Kabul Mosque Bombing Rattles Fragile Stability

Several people have been killed in a bombing outside a mosque in the Afghan capital Kabul, reported BBC news. The Taliban’s interior ministry spokesperson was quoted saying that at least five civilians had died. 

The attack is the first major explosion in Kabul since the Taliban swept to power over a month ago. The BBC reports that the explosion injured up to 20 people who were at the Eid Gah Mosque, where a prayer ceremony was being held for the late mother of a Taliban spokesman.

So far, no group has claimed responsibility for the attack, but it is likely believed that IS militants are behind the bombing. Hours after the attack, Taliban forces launched their own attacks on suspected IS hideouts and unverified reports suggest three militants were killed. 

The attacks highlight the deep underlying tensions between the Islamic State Khorasan (the Afghan and Pakistani affiliated branch of the Islamic State) and the Taliban. Even when both groups were pitted against the previous Afghan government, they would regularly clash over resources, ideology and territory.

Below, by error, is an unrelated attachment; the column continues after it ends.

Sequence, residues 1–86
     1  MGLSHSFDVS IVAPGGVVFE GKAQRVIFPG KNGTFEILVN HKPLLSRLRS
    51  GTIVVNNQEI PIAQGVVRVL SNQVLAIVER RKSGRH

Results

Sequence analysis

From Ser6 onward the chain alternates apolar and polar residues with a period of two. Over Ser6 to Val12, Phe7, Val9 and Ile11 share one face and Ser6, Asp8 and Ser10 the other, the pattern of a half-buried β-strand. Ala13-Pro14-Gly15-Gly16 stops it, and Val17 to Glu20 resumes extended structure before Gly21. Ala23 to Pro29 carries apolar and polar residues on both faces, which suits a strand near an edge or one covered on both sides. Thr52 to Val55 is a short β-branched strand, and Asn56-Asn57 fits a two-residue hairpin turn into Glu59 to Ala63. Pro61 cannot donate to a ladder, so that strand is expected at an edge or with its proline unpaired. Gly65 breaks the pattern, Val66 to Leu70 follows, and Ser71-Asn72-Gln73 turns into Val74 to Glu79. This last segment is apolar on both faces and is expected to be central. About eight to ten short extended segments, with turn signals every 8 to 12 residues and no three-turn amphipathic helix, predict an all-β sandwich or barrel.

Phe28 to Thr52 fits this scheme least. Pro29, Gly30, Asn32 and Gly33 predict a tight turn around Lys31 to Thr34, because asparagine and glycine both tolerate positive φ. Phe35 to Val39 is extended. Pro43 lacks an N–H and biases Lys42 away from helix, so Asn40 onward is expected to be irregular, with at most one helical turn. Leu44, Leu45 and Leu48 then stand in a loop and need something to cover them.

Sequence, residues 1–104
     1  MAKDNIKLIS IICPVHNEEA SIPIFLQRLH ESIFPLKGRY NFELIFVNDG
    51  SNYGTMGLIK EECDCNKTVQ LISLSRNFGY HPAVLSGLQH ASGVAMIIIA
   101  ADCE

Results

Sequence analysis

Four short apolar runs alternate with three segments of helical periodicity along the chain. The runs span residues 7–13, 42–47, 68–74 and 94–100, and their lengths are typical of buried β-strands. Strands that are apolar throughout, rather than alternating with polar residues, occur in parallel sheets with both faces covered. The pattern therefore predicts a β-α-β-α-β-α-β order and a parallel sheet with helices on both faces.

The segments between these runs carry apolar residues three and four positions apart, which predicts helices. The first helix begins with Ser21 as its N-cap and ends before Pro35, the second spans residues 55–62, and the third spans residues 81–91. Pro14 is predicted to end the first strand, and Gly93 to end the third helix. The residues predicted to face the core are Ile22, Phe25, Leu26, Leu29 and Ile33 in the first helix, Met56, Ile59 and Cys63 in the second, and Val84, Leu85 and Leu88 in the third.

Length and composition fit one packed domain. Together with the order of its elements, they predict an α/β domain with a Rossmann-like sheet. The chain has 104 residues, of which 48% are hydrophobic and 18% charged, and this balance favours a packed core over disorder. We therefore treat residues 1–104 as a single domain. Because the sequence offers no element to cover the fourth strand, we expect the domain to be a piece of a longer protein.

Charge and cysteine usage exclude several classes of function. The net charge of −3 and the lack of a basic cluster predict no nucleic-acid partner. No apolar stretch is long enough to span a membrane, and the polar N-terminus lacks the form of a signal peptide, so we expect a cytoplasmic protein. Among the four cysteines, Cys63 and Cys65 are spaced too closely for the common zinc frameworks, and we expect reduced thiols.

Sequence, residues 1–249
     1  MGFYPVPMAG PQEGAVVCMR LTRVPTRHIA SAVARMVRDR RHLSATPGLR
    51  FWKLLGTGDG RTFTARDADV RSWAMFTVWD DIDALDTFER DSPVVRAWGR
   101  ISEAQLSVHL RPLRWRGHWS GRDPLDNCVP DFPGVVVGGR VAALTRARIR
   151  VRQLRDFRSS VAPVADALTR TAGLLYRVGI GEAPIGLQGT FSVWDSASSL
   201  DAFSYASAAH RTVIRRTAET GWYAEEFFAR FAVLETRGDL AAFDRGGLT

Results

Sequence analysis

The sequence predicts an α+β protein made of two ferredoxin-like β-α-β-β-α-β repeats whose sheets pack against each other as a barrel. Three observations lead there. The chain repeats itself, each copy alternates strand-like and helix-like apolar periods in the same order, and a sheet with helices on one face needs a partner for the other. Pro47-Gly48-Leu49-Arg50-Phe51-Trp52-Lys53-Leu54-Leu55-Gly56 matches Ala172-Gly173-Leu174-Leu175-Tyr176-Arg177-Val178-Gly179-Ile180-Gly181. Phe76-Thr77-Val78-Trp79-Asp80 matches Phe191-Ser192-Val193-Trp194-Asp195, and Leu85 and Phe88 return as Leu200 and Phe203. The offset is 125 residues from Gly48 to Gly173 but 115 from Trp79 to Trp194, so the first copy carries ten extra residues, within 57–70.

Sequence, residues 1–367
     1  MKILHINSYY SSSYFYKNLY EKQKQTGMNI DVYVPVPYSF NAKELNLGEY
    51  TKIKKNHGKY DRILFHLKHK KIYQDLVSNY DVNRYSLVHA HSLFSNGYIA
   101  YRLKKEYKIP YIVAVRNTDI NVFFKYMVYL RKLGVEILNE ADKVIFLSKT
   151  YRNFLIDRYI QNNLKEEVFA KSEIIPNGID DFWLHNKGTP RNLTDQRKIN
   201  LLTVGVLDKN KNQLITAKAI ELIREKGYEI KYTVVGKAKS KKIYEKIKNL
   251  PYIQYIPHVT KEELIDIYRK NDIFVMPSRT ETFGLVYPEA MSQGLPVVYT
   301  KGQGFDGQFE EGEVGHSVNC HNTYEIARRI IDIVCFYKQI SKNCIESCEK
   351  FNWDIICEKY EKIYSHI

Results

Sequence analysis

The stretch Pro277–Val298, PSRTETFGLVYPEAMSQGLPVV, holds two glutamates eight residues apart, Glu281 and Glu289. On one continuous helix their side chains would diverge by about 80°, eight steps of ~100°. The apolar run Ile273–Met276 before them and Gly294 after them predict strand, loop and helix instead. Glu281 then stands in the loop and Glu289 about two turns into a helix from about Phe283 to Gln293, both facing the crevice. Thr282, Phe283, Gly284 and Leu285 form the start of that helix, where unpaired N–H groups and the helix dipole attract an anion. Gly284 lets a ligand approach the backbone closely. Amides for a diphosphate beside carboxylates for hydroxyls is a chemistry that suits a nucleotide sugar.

The Taliban is under immense international pressure to prove that they can distance themselves from IS and al-Qaeda and to not allow Afghanistan to become a base for foreign terror organizations. So far, the Taliban has adamantly denied that either terror group operates on Afghan soil. This bombing attack will cast doubt on those claims. 

While the attack happened outside the mosque, it is unclear if it was directly targeting the prayer ceremony happening at the time. 

Al Jazeera News reported that the attack was the deadliest in the country since a suicide bomber attack targeted the U.S. evacuations from Kabul in August. That blast killed 169 Afghan civilians and 13 U.S. soldiers. The attack is a reminder that even though the Taliban may hold the seat of power, Afghanistan remains very much a contested country. 


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